“Here,” Noah said, pulling over the first of many framed photographs; his desk was a small, very crowded museum. “I like to surround myself with artifacts,” he told me, laughing. Nearby was a tallis with tzitzit he made himself, along with a whole collection of prayer books. This all tracked with someone who appeared to be intentional about infusing his existence with higher meaning and a sense of the sacred. On Zoom, we discussed Shabbat practice, feasting on locusts, and life with a baby. Our conversation has been edited and condensed for clarity.
Jason: Mazel tov on being a new dad! Any favorite aspects of early fatherhood?
Noah: I’m kind of surprised how fun it can be to hang out with someone who is seven months old…who doesn’t know how to talk but is still really expressive…who doesn’t know what anything is but is still delighted to reach and put it in her mouth. I love to laugh together—that’s not something I expected to be doing so early.
What brought you to the Bay?
I lived in New York City and got tired of the grind there. At the beginning of Covid, an uncle I was really close with died. I volunteered to pack up his house in San Francisco; it felt really important to spend that time there. He lived in the Inner Sunset, near the ocean, so I was going to Lands End and driving around in his old beat-up Miata, loving life.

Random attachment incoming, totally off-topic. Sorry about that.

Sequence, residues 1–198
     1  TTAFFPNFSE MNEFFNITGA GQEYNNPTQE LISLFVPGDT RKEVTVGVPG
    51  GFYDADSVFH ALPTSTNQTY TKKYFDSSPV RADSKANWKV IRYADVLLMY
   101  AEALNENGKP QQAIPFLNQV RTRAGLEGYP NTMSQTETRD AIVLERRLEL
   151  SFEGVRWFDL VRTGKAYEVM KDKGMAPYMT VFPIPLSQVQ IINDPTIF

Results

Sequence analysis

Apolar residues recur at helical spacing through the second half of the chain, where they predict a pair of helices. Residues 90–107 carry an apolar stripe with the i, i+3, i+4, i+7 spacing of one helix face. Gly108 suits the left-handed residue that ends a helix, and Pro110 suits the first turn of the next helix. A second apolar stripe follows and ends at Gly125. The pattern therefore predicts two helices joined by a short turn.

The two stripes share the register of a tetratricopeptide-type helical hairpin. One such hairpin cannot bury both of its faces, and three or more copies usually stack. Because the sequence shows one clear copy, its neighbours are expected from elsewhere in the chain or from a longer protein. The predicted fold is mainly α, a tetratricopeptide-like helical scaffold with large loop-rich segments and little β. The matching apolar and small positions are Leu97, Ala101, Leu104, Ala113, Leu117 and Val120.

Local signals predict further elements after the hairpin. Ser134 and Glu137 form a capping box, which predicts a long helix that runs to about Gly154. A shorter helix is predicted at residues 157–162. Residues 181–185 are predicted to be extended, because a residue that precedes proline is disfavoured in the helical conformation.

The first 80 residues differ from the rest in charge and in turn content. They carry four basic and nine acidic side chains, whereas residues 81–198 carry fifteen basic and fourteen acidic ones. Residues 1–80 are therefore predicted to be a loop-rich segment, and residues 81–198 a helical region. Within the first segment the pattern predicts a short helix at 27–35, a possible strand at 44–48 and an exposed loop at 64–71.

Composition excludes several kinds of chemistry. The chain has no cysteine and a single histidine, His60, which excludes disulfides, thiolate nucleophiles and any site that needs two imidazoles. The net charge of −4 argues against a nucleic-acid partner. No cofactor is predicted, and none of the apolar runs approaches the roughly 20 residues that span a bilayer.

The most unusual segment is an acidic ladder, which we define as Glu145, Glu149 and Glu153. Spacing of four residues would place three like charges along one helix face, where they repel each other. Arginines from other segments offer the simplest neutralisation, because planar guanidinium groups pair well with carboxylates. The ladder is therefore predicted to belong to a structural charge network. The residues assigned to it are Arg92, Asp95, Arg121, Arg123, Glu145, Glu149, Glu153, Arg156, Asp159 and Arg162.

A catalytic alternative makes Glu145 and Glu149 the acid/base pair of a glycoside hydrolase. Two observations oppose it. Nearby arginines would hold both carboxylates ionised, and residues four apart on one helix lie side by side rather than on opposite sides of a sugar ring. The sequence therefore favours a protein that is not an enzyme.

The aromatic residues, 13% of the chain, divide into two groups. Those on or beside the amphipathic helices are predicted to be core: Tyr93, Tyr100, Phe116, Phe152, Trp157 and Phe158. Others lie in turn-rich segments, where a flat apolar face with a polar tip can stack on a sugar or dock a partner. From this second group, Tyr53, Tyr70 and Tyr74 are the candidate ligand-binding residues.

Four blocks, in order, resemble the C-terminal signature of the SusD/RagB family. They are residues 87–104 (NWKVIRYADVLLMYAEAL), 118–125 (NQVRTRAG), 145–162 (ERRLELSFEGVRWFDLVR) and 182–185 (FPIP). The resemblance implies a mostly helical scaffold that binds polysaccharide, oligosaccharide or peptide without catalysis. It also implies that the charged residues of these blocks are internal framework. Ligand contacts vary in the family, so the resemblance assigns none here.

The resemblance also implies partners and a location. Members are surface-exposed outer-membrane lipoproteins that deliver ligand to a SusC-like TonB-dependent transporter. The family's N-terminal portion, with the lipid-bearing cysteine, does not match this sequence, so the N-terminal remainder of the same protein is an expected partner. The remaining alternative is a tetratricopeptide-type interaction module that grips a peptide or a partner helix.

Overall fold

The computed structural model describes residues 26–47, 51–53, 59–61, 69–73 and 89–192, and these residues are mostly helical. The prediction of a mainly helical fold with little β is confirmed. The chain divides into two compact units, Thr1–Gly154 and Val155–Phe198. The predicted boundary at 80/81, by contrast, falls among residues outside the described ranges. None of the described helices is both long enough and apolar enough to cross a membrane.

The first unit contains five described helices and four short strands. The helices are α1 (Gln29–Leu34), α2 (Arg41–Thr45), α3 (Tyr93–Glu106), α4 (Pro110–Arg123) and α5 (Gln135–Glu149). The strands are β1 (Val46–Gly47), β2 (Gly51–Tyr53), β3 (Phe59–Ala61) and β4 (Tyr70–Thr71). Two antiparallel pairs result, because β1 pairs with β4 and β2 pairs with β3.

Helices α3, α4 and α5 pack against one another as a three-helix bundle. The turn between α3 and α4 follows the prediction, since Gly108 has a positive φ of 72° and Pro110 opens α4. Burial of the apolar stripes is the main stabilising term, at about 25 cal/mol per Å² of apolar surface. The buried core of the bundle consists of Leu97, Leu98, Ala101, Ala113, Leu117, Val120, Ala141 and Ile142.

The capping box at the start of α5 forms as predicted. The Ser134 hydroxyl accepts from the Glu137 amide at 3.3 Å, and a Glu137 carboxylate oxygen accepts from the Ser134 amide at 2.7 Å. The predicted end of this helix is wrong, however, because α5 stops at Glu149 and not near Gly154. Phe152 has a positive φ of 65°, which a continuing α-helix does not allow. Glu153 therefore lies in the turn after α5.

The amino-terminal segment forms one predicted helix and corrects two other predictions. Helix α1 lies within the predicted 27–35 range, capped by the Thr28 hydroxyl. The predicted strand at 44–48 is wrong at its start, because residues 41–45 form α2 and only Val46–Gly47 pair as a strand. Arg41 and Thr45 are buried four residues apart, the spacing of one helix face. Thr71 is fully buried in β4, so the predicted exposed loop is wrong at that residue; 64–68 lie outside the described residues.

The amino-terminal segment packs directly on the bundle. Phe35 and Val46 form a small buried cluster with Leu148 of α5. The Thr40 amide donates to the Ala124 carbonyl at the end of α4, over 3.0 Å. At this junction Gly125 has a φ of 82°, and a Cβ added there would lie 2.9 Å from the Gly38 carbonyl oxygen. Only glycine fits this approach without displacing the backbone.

At one point, I was in my uncle’s house listening to Sam Harris’ Waking Up app, which featured a few poems by David Whyte, an ecstatic poet I’ve loved since I was a teenager. There was this one poem called “Sometimes” that made me feel like I should stay. So I did.
Such a concrete moment of inspiration. What happened next?
I started volunteering at Urban Adamah. I was getting more into Torah study and observance, deepening my Jewish awareness, and it was around that time that I met this wonderful garden wizard of a man named Nir Berezovksy. I have these wonderful memories of sitting across a patch of carrots at Urban Adamah with Nir where I would talk to him about Torah, as in the actual text, and he would talk to me about the Torah of microorganisms and soil and plants and roots and sugars. We were blowing each other’s minds. I became a resident at Urban Adamah, got really close to my roommates, and that’s also how I met Annabelle, my partner. That community ended up feeling like and becoming our family.
You work as the Digital Editor for Moment Magazine, which covers “Jewish news, ideas and culture” and counts Elie Wiesel as one of its founders. Take us into your life as an editor.
Basically, I manage our website. My time is split between assigning stories, editing other people’s work, and writing my own pieces. For example, right now I’m working on an article about if locusts are kosher, so I recently interviewed Dror Tamir, who’s convinced that locust protein is going to feed the world. I’m also working on articles about the Kohenet Hebrew Priestess Institute and other interesting topics.